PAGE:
BEFORE AND AFTER PAGE 3
More phases of an airframe life in combat
BA3 #2a BEN BUZZARD. On 18 October 1943 it ditched in Bootless bay in bad weather. Only four of the 10 crew survived. Today: The port wing is against the reef at 1m. The starbord wing is 9m deep. The fuselage is broken in half behind the wings, and the rear is missing. Inside the fuselage is filled with silt and debris. One machine gun is visible. Visibility on the wreck is almost zero due to its proximity to shore.
BA3 #10C LIBERTY BELLE: Took off on a night bombing mission over Bacuit Bay, Palawan on 30 October 1944. Spotted a Japanese task force of cruisers and destroyers. Hit by anti-aircraft fire in one of the engines, forcing the bomber to head eastward towards Tacloban, the nearest Allied base. En route, a second engine failed. When the bomber arrived at Tacloban airfield the area was under Japanese air attack and American gunners were firing. He attempted a force landing with only two engines, but obstructions forced him to abort. During the second landing attempt, a white phosphorous bomb burst on the runway. He applied the brakes causing the nose wheel to blow out, but the bomber landed without injury to the crew. Abandoned in a swampy area at the north-western end of the airfield.
BA3 #15a STUGOTT'S 1ST Took off from Dobodura on an armed reconnaissance mission to shadow a ten ship convoy near Kavieng to the limit of their fuel. At 1:40am they radioed: "Three direct hits on a CL [Light Cruiser] or CA [Heavy Cruiser], 0.3005 15100E target destroyed". Their final message was received at 1:20am "Turn on radio range". No further messages were received and a search failed to locate the missing aircraft. This wreck was discovered outside Lae in 2002 by locals. The crash site was found at at 10,800' in the Sarawagget Range, near the village of Imon. The bomber's five day clock shows that it crashed at 1:21, a minute after its last radio call. This bomber was focus of a CILHI recovery PP0088 during July - August 2003 and 2004 led by Captain Paul Royale. In July 2006, the military announced that the crew of nine were all identified, and returned to their families for burial. Armacost, Cameron, Hafner and Lascelles were buried July 19, 2006 at Arlington National Cemetery, as were the group remains that couldn't be matched specifically to any missing airman. Individual remains of the other five have been buried elsewhere. Raymond Cisneros was buried in Webster, TX.
BA3 #16a WHO'S NEXT? Original Scott Project aircraft. Here it has collapsed the nosewheel after running across a ditch during taxying. Repaired, it crashed 7 December, 1944 into Mt. Malasimbo (near or in the town of Calapan in the province of Oriental Mindoro) on the island of Mindoro in the Philippines, killing the crew headed by Lt. Savage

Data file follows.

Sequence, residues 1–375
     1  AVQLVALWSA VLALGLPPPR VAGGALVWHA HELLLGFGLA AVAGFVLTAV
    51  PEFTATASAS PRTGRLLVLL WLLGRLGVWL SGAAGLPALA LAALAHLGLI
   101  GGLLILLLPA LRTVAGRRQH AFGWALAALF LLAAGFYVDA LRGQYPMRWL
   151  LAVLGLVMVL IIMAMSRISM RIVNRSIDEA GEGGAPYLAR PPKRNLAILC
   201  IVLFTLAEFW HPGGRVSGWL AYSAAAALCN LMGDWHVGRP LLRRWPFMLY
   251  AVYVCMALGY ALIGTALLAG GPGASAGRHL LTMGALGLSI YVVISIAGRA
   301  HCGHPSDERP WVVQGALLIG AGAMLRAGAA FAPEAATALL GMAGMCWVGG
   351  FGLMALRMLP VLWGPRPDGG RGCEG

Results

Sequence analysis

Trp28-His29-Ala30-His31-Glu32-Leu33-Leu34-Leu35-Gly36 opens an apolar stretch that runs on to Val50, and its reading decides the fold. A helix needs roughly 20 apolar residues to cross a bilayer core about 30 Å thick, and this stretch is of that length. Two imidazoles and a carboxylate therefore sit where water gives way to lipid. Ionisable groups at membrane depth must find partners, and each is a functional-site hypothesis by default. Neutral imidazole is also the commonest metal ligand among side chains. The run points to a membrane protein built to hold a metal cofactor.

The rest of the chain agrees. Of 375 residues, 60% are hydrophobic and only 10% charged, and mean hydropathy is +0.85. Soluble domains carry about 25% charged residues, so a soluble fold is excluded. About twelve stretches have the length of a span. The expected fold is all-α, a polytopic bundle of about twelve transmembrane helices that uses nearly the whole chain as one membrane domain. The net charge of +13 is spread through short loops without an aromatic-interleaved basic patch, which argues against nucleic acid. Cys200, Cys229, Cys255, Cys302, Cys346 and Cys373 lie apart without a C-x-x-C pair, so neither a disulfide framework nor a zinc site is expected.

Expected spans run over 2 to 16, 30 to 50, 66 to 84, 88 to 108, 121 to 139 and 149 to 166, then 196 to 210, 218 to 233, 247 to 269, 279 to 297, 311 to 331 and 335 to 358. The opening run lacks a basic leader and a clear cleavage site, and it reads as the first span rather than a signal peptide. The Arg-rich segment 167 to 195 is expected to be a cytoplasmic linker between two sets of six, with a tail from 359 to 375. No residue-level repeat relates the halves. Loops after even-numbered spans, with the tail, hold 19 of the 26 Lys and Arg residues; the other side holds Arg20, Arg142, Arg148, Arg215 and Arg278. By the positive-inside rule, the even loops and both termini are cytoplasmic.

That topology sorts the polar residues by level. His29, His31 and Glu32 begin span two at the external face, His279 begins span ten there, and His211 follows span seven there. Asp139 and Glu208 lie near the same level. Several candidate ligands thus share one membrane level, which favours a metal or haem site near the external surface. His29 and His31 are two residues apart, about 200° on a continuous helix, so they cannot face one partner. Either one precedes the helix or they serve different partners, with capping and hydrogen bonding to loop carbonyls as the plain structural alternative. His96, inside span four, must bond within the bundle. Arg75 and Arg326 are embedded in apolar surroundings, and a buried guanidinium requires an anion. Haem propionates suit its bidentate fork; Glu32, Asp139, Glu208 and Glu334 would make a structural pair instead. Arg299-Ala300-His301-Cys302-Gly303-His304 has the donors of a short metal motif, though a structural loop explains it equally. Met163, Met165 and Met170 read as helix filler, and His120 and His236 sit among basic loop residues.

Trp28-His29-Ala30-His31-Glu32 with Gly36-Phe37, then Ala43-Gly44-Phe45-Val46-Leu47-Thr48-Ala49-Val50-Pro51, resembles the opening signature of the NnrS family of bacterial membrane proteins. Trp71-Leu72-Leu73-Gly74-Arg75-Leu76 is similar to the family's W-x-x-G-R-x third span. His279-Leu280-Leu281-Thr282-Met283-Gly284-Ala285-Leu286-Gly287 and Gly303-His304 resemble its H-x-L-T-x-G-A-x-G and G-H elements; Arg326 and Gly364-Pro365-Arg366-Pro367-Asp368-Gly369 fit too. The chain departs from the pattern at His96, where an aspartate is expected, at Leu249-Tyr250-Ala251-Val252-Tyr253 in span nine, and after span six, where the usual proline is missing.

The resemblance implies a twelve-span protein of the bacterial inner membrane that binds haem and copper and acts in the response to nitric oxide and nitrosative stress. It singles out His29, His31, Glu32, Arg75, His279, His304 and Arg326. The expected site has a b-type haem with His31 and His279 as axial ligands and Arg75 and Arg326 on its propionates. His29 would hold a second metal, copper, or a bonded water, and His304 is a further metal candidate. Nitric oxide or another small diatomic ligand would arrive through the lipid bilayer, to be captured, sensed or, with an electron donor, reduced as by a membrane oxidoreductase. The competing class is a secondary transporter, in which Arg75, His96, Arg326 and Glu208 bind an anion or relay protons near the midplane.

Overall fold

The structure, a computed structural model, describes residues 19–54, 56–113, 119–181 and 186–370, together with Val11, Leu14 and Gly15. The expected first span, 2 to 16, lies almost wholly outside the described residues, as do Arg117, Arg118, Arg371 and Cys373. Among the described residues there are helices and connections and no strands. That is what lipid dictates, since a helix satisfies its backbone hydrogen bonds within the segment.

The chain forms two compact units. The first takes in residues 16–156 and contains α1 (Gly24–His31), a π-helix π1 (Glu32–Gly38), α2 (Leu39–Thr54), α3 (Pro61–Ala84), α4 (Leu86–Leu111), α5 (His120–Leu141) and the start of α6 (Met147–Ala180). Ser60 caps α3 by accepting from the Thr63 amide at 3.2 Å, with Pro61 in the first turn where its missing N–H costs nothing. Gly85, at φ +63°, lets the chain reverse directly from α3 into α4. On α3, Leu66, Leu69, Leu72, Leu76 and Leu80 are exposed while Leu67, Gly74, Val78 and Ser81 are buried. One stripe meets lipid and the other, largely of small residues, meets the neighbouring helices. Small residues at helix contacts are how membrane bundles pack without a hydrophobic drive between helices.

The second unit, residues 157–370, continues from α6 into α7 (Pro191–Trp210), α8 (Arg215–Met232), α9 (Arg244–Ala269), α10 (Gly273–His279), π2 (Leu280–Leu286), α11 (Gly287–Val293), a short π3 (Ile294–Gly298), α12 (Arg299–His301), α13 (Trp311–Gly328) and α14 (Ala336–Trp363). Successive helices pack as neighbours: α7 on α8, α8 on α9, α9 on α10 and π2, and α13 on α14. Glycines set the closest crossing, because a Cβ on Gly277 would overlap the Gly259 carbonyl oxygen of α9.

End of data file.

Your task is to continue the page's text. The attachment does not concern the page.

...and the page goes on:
BA3 #17 THE CAPTAIN AND HIS KIDS, 41-23800, 44BG. Peter Yee, whose Great Uncle was the Bombardier on 41-23800 has weighed in on this sequence. There were two different B-24Ds coded 'Y' named similarly in the 44th, and it seems that this picture is actually 41-24112 CAPTAIN AND HIS KIDS RIDE AGAIN. The wording was printed on an opened newspaper headed 'SECOND EDITION'. The newspaper was not present on the original artwork and this is JUST visible on the picture above, meaning that it is actually 41-24112. Rather than remove the sequence altogether, since both aircraft were SO similar, I have elected to retain both images with this explanation.
BA3 #18b EAGER EVE/HAG MAG THE MOTHBALL QUEEN flew on the a August 1943 Ploesti mission and on 6 October 1943 while taking off on the return flight from Marrakesh to the UK, hit a wall when just airborne. All but the pilots bailed out and the pilots crash landed it. It remained there and was reduced to components.
BA3 #25a THE JINX lived up to its name; repaired after a crash landing at Garveston, near Shipdham, receiving extensive battle damage from the 13 November 43 mission, JINX later crashed and burned 13 January 44 at Letton Hall, Cranworth, Norfolk, after turning into a dead engine, losing height and crashing into a fir spinney, 2 miles east of the main runway. Lt. Glenn Hovey and crew were all killed before ever flying a mission. I note the recurrence of the #13!!